• Create a budget and stick to it as closely as you can to keep tabs on your spending
  • Save an emergency fund for unexpected expenses
  • Work with a financial advisor to create a plan. If your circumstances change, make sure to rework the plan accordingly
  • Try to pay off your debt as much as you can by reducing your spending. Should interest rate hikes happen, you will have a head start

What to do if you are worried about interest rates going up in Canada

If you are anxious about inflation and do not have a plan, at Spergel, we are here to help. If you are struggling with unmanageable debt, it may be time to tackle it so that you can begin a fresh financial future. We can help you to become better prepared for inflation by reviewing your finances and assessing any opportunities for debt relief where required. We can inform you of strategies and forms of debt relief that may help to offset the threat of inflation for your unique financial circumstances. No matter what support you need with your debt, we have been helping Canadians gain debt relief for over thirty years, and are here to help you too.

Still wondering ‘are interest rates going up in Canada?’ If you are worried about what this means for you, book a free consultation with Spergel. Our experienced Licensed Insolvency Trustees can help you to combat the impacts of a rising interest rate across Canada, and explore opportunities within your finances to manage and reduce or eliminate debt completely. Reach out today – you owe it to yourself.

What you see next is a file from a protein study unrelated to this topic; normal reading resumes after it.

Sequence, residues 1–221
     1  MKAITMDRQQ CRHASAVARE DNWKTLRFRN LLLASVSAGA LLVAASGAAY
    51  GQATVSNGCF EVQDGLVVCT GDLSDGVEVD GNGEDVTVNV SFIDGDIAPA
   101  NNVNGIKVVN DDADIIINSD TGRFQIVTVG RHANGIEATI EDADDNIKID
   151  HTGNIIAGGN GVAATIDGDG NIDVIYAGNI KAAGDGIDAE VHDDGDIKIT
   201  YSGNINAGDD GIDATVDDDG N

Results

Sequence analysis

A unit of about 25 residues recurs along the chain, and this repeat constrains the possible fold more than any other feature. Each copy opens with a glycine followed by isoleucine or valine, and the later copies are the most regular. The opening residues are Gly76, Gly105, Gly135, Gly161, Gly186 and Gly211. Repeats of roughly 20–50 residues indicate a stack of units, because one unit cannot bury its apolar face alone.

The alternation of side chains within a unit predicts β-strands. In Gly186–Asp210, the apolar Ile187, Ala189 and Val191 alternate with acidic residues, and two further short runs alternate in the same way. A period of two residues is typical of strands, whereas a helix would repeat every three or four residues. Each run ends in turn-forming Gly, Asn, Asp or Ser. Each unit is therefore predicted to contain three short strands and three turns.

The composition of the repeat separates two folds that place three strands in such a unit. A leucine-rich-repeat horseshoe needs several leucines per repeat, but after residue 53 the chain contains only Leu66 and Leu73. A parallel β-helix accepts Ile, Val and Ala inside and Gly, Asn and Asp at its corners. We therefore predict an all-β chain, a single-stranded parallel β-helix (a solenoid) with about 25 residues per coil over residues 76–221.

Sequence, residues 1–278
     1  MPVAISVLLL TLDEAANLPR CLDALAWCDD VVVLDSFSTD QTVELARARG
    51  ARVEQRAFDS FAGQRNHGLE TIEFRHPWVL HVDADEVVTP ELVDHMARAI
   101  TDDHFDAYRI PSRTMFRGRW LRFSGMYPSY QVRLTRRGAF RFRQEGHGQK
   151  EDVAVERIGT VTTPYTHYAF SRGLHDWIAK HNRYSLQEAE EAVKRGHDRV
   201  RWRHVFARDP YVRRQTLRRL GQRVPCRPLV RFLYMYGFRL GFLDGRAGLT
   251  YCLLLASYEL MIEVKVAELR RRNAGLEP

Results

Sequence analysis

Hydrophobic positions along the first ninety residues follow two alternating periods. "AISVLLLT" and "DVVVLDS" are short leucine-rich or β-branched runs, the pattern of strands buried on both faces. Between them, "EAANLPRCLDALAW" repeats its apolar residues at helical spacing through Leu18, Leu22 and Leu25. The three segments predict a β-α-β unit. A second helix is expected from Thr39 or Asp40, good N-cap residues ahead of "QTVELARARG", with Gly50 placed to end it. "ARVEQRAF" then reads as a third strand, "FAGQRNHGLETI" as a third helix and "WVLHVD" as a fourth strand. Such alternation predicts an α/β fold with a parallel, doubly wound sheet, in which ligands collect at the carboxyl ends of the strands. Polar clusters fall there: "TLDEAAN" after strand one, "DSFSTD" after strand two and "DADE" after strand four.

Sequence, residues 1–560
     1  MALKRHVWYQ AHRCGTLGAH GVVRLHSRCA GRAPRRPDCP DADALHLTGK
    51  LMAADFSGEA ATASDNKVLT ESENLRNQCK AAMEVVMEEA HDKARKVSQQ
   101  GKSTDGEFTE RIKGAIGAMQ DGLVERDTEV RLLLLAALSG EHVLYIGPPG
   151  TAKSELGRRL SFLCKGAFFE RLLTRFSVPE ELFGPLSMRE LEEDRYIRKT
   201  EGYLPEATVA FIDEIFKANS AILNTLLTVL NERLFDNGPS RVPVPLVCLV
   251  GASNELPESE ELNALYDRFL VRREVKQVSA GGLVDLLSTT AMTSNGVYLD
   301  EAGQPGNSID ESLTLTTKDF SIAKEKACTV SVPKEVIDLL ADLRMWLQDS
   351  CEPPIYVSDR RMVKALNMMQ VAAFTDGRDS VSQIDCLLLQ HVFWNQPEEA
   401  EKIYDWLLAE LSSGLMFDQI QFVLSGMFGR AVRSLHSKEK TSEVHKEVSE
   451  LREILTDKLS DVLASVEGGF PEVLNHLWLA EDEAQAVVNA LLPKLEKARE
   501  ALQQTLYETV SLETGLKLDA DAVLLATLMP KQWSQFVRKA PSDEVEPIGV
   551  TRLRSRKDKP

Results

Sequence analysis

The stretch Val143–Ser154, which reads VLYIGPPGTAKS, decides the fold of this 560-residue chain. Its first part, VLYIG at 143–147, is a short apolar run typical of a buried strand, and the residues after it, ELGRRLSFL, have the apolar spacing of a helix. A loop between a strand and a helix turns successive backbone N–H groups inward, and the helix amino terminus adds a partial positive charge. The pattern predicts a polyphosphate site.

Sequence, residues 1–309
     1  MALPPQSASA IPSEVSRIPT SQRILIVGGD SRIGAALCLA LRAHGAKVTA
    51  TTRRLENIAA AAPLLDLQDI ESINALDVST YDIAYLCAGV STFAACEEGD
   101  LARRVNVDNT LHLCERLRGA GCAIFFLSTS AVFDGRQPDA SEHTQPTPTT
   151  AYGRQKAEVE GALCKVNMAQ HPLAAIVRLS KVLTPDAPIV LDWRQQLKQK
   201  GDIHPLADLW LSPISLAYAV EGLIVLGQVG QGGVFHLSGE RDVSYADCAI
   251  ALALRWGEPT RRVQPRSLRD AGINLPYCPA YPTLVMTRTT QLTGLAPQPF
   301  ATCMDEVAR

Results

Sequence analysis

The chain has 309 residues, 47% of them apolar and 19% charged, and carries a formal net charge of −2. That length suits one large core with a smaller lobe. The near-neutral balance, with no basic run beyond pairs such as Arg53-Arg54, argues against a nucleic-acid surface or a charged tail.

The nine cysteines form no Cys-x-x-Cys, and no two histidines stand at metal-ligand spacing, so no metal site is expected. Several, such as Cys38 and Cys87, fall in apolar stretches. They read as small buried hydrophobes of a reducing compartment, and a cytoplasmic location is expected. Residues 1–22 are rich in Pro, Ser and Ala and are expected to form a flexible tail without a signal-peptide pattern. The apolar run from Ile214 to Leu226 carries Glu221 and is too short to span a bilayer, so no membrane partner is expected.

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Samantha Galea

Samantha Galea is a Chartered Insolvency and Restructuring Professional and LIT (Licensed Insolvency Trustee) who started working with Spergel as a summer student in 2010. With her socio-political background, Samantha is committed to breaking the stigma associated with bankruptcy so that individuals and families can properly understand all of their options on their path to debt freedom. She is also our resident expert on student debt and collection agencies, as well as the manager of our Brampton office. Outside of work, Samantha is an avid reader of historical non-fiction and world traveler.